“I need your help to secure that vision for Virginia,” she said. “This region has incredible untapped potential and deserves a representative who has the vision to move District 30 and all of Virginia forward.”

Ms. Dippert appeared on Sept. 25 at a candidates’ forum sponsored by the Lake of the Woods Civic Club.

After a social hour with a cash bar and snacks provided by the Civic Club, each candidate for local and state office had a chance to address the group and Ms. Dippert’s remarks were especially well received.


Invite everyone to meet Traci Dippert on Sept. 19

August 29th, 2013

The club will sponsor a meet-and-greet event for Traci Dippert, our terrific candidate for Virginia House of Delegates on Sept. 19.

The event will be from 2 to 4 p.m. at the LOW Community Center.

Download the promotional flyer for this event, print it out and distribute it. Every voter needs to get to know Traci.



Club to observe anniversary of 1963 march

August 5th, 2013
The 1963 March on Washington

The 1963 March on Washington

August 28 of this year marks the 50th anniversary of the March on Washington for Jobs and Freedom, an event that changed the course of the civil rights movement in America.

The Lake of the Woods Democratic Club will observe the occasion at its meeting at 1:30 p.m., Thursday, Aug. 15, in the lower level of the LOW Clubhouse with a program of personal reminisences and an open discussion contrasting the expectations of 1963 with the realities of 2013.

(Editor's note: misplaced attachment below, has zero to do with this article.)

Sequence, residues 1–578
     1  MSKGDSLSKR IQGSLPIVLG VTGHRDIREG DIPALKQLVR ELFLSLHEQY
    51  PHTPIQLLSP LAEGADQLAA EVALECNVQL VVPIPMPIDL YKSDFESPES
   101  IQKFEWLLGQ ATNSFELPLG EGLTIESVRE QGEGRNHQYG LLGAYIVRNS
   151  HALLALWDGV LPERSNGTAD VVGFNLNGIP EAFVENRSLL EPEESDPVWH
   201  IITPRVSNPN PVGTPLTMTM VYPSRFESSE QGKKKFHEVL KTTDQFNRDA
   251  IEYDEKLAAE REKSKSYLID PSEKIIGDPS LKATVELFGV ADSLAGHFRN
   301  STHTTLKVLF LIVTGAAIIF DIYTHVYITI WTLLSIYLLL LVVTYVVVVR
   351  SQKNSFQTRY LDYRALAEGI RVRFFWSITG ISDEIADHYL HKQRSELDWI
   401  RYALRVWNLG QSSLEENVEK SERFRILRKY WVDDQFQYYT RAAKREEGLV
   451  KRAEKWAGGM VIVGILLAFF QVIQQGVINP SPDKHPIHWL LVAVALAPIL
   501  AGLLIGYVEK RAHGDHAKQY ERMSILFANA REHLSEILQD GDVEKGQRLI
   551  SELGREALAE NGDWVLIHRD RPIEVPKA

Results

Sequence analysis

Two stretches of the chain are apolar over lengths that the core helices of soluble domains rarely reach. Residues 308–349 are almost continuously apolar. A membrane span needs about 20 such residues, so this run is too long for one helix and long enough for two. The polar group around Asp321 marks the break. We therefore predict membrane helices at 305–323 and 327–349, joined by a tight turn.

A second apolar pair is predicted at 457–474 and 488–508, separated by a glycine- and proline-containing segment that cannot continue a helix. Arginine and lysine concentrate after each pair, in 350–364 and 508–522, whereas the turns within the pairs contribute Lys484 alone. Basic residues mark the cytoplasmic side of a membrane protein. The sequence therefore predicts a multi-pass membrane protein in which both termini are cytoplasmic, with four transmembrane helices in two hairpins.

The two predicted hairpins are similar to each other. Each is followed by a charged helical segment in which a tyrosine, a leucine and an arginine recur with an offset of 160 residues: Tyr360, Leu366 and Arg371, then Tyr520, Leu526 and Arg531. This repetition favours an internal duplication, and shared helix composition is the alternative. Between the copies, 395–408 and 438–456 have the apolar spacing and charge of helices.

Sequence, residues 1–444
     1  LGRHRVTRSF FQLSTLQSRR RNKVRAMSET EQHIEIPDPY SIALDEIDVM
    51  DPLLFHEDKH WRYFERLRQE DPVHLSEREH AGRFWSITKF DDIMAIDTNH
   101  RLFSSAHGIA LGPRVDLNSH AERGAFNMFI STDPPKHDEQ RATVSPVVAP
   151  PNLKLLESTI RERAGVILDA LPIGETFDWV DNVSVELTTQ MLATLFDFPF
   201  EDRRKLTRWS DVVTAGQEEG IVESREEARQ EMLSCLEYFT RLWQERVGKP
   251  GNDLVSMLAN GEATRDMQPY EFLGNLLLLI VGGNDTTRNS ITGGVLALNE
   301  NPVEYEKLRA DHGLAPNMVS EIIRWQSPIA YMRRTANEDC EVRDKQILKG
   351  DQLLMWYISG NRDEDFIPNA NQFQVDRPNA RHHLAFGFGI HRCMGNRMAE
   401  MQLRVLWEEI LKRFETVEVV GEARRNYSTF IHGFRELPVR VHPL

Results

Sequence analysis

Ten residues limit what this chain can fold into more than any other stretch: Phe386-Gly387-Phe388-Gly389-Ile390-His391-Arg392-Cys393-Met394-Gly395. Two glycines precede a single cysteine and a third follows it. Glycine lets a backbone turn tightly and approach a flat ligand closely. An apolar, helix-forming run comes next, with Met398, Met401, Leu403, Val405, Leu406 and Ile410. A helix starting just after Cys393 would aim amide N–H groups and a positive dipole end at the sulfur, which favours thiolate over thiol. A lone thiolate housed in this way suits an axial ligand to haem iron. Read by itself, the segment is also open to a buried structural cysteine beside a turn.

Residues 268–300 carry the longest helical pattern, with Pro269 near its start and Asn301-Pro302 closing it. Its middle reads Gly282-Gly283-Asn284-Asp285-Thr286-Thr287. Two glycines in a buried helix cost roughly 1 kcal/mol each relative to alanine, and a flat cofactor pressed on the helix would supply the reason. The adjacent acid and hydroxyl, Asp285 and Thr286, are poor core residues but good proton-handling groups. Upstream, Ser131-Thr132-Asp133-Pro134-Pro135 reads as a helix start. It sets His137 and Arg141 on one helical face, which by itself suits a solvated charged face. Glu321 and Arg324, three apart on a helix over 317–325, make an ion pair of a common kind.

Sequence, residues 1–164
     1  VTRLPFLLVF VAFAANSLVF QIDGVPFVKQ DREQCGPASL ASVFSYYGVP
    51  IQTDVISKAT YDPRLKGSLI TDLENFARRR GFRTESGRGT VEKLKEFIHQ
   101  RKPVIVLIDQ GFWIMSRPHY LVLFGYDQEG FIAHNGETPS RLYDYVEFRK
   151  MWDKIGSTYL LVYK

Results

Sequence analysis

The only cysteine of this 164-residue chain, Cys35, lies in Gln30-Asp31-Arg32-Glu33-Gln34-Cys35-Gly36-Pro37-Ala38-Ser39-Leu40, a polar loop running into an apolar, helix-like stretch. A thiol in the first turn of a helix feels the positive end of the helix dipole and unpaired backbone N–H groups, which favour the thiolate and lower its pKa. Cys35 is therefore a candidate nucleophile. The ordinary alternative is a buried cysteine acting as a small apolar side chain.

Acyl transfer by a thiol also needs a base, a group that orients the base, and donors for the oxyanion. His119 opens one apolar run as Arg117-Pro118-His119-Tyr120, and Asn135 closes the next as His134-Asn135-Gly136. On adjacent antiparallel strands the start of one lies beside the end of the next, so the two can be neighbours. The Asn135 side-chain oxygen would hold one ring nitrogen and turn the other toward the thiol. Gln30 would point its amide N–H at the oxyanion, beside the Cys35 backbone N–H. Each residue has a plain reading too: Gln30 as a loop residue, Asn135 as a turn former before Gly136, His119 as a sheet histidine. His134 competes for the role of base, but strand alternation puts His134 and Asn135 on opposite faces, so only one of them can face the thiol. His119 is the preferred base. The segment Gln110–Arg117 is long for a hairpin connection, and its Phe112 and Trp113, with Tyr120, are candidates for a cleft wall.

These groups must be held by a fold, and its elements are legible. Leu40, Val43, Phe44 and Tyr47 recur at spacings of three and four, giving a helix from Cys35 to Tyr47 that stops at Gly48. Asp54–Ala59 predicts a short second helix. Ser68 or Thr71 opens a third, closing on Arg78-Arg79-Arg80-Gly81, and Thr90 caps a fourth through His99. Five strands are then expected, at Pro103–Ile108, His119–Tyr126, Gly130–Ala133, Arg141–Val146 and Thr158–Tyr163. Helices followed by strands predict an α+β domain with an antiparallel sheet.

Kerry Sipe, a club member and LOW resident who witnessed the march as a young man, will share his memories of the event and display some personal memorabilia from the march.

Following Sipe’s presentation, there will be an open discussion on the status of race relations in the United States.

Sipe, who was born in Lynchburg and grew up in Salem, Va., is a retired newspaper editor, whose early career as a journalist included coverage of the civil rights movement in the South. He has lived in LOW since 2009.

It was on Aug. 28, 1963, that about 250,000 people marched through Washington to call the nation’s attention to the injustice and inequalities that black Americans faced because of the color of their skin.

In support of civil rights for all Americans, the demonstrators made their way from the Washington Monument to the Lincoln Memorial, where the Rev. Martin Luther King Jr. gave his memorable and stirring “I Have A Dream” speech.